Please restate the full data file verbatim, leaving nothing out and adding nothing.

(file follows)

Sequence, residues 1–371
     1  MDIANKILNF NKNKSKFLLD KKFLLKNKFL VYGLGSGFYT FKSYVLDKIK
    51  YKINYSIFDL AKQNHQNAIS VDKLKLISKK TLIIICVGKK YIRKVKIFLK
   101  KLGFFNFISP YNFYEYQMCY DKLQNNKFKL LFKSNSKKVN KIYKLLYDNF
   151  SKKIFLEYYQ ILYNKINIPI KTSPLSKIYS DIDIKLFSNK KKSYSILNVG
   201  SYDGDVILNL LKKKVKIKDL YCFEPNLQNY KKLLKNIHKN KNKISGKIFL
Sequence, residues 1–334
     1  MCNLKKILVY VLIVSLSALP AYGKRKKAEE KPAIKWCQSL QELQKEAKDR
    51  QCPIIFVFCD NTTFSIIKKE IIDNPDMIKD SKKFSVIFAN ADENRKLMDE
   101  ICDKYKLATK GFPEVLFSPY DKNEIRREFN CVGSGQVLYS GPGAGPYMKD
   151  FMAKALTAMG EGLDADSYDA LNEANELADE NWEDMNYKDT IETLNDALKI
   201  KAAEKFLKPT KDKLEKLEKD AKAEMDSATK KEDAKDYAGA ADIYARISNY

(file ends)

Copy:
Sequence, residues 1–371
     1  MDIANKILNF NKNKSKFLLD KKFLLKNKFL VYGLGSGFYT FKSYVLDKIK
    51  YKINYSIFDL AKQNHQNAIS VDKLKLISKK TLIIICVGKK YIRKVKIFLK
   101  KLGFFNFISP YNFYEYQMCY DKLQNNKFKL LFKSNSKKVN KIYKLLYDNF
   151  SKKIFLEYYQ ILYNKINIPI KTSPLSKIYS DIDIKLFSNK KKSYSILNVG
   201  SYDGDVILNL LKKKVKIKDL YCFEPNLQNY KKLLKNIHKN KNKISGKIFL
Sequence, residues 1–334
     1  MCNLKKILVY VLIVSLSALP AYGKRKKAEE KPAIKWCQSL QELQKEAKDR
    51  QCPIIFVFCD NTTFSIIKKE IIDNPDMIKD SKKFSVIFAN ADENRKLMDE
   101  ICDKYKLATK GFPEVLFSPY DKNEIRREFN CVGSGQVLYS GPGAGPYMKD
   151  FMAKALTAMG EGLDADSYDA LNEANELADE NWEDMNYKDT IETLNDALKI
   201  KAAEKFLKPT KDKLEKLEKD AKAEMDSATK KEDAKDYAGA ADIYARISNY